World of Trouble

After the actions taken by North Korea this week, it may seem that Asia is on the brink of World War III.

This issue is now in the forefront after North Korean leader Kim Jong Il made the world aware of his country’s nuclear ambitions with the detonation of a small nuclear device in a mountain range in the northern part of North Korea.

After speculation that the explosion was caused by dynamite, the United States confirmed on Monday, Oct. 16, that the atomic event did in fact occur. There is good reason to fear now that President George W. Bush and his advisors must decide on a course of action. If North Korea takes a second turn at testing nuclear weapons, which they have been threatening to do, the Bush administration will have to find an alternate way to handle its foreign policy with North Korea, since previous actions have obviously failed.

Kim demanded bilateral talks with the U.S. and was denied this demand. Why must the Bush administration call the bluff of a demonic, delusional despot hell bent on gaining respect through any means necessary? It is imperative for the world to stay unified on how to deal with Kim but it is another thing to push Kim into a corner and cause him to do something rash.
Kim has made his move toward nuclear arms and the mere fact that he has claimed nuclear power is reason enough to impose sanctions that will further isolate his country. Kim is not necessarily the threat here since the North Koreans do not currently have a ballistic missile that is capable of reaching the U.S.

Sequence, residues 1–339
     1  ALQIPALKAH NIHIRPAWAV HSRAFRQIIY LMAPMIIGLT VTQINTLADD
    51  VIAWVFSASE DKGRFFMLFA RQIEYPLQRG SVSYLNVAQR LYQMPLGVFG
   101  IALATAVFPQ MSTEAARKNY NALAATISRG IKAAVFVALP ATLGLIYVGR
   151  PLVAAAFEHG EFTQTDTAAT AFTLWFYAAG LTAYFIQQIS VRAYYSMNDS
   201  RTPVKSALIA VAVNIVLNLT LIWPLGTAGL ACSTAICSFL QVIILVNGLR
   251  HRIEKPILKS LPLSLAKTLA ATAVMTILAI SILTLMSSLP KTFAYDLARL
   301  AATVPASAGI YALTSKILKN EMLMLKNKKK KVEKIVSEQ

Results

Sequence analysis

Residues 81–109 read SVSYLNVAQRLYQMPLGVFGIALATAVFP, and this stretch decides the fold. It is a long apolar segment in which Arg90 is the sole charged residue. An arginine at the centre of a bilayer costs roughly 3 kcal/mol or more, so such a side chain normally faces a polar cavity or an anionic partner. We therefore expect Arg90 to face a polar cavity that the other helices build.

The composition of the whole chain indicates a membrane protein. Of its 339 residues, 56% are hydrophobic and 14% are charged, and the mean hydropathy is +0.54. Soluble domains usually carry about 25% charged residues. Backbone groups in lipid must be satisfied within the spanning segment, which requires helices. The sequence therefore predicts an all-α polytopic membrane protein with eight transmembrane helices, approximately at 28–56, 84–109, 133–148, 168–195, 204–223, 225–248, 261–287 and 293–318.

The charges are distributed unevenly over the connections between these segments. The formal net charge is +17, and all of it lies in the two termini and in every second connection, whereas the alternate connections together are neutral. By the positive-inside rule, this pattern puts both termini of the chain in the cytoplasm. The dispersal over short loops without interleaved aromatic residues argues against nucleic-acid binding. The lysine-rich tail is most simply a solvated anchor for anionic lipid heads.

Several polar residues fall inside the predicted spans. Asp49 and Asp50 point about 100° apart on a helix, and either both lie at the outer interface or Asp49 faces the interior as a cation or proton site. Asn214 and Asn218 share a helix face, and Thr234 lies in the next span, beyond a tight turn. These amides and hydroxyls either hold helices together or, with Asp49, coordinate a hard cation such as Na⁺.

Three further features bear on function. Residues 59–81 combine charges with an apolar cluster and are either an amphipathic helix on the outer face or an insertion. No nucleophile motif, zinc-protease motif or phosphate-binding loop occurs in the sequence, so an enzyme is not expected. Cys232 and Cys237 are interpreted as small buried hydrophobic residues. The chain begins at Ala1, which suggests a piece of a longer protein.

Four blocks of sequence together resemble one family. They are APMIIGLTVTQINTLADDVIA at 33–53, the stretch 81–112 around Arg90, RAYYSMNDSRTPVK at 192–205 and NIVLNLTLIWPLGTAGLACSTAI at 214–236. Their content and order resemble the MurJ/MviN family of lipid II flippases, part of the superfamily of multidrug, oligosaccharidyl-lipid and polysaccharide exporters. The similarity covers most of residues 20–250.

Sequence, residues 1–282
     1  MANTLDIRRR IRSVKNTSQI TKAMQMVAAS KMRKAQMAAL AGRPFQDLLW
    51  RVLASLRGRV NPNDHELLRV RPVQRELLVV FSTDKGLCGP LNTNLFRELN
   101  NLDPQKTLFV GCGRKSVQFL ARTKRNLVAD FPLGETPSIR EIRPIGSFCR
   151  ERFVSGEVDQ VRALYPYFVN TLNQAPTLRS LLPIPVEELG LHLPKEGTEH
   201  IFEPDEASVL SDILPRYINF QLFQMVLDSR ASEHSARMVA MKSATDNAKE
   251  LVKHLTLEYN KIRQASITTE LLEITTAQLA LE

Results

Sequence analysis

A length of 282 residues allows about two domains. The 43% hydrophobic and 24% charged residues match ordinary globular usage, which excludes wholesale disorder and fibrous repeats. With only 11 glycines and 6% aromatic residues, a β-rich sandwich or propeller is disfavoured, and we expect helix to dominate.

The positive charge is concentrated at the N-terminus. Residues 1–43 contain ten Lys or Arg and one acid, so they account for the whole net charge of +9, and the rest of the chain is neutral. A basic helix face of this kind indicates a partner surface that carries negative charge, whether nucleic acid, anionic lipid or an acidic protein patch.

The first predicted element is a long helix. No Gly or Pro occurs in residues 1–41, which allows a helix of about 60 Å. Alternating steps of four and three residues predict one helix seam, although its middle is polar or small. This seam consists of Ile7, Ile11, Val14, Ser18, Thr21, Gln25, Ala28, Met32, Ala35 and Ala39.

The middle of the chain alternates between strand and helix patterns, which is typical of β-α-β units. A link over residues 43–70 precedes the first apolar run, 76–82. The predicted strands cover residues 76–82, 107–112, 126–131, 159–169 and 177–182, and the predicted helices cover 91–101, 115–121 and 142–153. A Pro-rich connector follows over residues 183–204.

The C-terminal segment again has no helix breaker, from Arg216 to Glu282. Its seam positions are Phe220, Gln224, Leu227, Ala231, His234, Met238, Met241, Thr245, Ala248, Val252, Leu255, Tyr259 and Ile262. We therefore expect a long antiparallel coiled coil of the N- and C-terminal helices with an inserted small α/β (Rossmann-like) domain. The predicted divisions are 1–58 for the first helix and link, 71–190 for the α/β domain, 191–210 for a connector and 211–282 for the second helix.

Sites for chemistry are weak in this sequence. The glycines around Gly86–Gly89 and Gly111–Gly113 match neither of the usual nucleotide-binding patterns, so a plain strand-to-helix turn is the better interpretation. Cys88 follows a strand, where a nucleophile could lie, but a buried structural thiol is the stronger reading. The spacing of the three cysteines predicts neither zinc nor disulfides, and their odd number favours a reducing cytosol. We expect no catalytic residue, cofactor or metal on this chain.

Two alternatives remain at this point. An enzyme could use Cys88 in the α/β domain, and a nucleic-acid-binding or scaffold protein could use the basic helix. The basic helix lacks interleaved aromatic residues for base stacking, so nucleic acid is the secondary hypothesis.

The real threat is the possible sale of a nuclear weapon to a terrorist group of any kind. This must be prevented and a time in which both Democrats and Republicans spend finger pointing and not taking direct action to discover the North Korean’s nuclear activities; this makes the probability of North Korea selling a weapon to terrorists even more likely.
This issue should be dealt with diplomatically. The fact that the United States was the single hand in the removal of a weaponless Saddam, but is hesitant on taking the helm against Kim, who is tossing his weapons around for the world to see, should lead to serious questioning of the foreign policies the United States has.

Bush was adamant about Saddam’s intentions with nuclear weaponry because of evidence, which was substantiated with alleged intelligence. Saddam never claimed outright that he had weapons and several inspections by the United Nations substantiated his claims. There was a level of suspicion surrounding the claims of both sides. However, it was not one that garnered the complete abandonment of diplomacy.

Essentially, North Korea is what Bush had hoped Iraq would be.
It is time to get the talks started. Each day passes with less and less happening and it is time for the U.S. to act like a superpower rather that a power-hungry oil eater. This country needs to step to the forefront and get back some respect through diplomatic means.